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Monday, 11 February, 2002, 17:22 GMT
Food campaign's catering crackdown
chip shop
Consumers are worried about food poisoning
Food safety experts in Wales have begun a campaign to improve the knowledge of basic hygiene rules in the catering industry.

Figures show up to one person in seven in Wales has been victim of food poisoning in the past year with 80% blaming their illness on eating out.

The issue is estimated to cost the welsh economy up to 17m each year.

Food Safety advice
Keep hands clean
Avoid cross-contaminating foods
Chill food properly
Cook food properly

An advert targeted at people who work in the catering industry is aimed at reminding cooks of basic hygiene such as hand washing which is sometimes overlooked.

Food Standards Agency Wales launched its food hygiene campaign after a survey revealed a substantial increase in concern over food poisoning and hygiene standards.

The results, contained in a second annual survey from the Food Standards Agency, show that last year 14% of Welsh consumers said they believed they were poisoned by something they ate, a rise of 3% on 2000.

Four in five of those said they thought the cause of their illness was eating out and almost half said concerns about hygiene had crossed their mind.

The agency said that while the majority of restaurants and cafes strive to achieve best practice, it plans to extend its education campaign to the home as everyone has a part to play in reducing food poisoning.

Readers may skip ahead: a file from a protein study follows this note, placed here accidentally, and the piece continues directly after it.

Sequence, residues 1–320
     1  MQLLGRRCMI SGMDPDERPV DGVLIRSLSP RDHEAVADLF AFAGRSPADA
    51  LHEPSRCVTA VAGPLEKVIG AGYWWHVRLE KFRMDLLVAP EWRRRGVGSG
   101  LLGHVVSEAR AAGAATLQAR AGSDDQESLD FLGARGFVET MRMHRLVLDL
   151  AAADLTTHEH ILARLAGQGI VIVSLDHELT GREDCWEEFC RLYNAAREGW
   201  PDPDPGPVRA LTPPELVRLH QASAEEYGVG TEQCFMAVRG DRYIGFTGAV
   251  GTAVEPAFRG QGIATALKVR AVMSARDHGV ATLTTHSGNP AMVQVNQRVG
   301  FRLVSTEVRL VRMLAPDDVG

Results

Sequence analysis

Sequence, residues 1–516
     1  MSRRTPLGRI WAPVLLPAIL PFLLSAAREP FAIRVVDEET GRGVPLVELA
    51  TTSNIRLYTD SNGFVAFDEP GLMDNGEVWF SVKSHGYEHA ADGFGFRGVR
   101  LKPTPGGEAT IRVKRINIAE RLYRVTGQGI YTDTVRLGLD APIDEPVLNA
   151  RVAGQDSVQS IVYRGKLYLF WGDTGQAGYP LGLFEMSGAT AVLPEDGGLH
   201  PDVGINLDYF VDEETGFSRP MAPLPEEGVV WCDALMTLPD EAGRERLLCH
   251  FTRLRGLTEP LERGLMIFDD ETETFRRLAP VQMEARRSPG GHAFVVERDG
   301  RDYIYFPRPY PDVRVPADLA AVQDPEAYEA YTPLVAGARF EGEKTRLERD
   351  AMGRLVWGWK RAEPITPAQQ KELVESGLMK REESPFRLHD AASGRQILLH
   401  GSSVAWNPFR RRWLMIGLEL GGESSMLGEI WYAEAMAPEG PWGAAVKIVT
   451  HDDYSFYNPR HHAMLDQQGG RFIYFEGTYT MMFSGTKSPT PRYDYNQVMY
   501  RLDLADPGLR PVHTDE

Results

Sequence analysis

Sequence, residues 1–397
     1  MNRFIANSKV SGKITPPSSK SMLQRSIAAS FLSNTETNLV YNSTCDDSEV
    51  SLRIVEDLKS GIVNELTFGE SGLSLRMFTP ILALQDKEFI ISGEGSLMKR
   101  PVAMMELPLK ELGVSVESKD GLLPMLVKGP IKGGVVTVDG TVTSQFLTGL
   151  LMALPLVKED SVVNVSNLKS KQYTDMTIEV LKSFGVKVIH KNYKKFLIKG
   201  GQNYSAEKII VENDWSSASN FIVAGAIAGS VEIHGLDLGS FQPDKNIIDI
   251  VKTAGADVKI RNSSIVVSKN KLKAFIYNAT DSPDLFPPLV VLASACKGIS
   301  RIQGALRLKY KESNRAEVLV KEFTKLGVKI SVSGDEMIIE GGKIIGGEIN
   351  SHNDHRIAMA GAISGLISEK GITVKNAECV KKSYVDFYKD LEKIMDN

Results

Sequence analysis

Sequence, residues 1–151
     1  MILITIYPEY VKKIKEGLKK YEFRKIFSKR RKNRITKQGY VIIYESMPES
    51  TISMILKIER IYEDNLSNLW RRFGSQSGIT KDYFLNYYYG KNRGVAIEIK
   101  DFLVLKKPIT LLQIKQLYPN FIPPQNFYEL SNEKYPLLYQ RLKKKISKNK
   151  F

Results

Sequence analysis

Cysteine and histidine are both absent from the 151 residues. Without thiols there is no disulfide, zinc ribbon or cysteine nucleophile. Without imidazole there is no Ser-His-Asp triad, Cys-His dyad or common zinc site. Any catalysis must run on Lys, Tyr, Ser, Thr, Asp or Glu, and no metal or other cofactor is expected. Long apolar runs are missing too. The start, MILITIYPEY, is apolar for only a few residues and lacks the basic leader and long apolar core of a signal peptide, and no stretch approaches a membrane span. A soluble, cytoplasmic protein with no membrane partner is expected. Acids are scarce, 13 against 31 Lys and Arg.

Chef cutting meat
An advert shows how contamination is spread

It is taking part in a 20m UK-wide campaign whose first phase will tackle poor hygiene in catering businesses such as restaurants, cafes, pubs, takeaways and fast food outlets.

It will begin with sick bags being sent to hundreds of restaurants, cafes and takeaways across Wales.

The sick bags will be printed with the words 'for safer food and better business - food safety, it's in your hands'.

The association says the bags are a graphic indicator of what can be needed if businesses do not take food hygiene seriously.

But the Restaurant Association (RA) has branded the FSA's marketing campaign as being offensive and in bad taste.

Grotesque waste

RA chief executive Ian McKerracher said he was furious to discover some of his members had received sick bags from the agency.

He said: "Food safety issues are too important to trivialise in this way.

"The FSA should be working with the industry to gain co-operation on this issue, not insulting us.

"It seems a grotesque waste of taxpayers money and a serious error of judgement."

Television, radio and print advertising will target catering industry employees, and information packs are also being sent out to businesses.

 WATCH/LISTEN
 ON THIS STORY
Food Standards Agency's Joy Whinney
"People think food poisoning isn't serious but it can kill."
See also:

06 Feb 02 | Health
Tainted food clampdown call
04 Feb 01 | Health
Fears over food poisoning
11 Jun 01 | Health
Dirty hands 'poison thousands'
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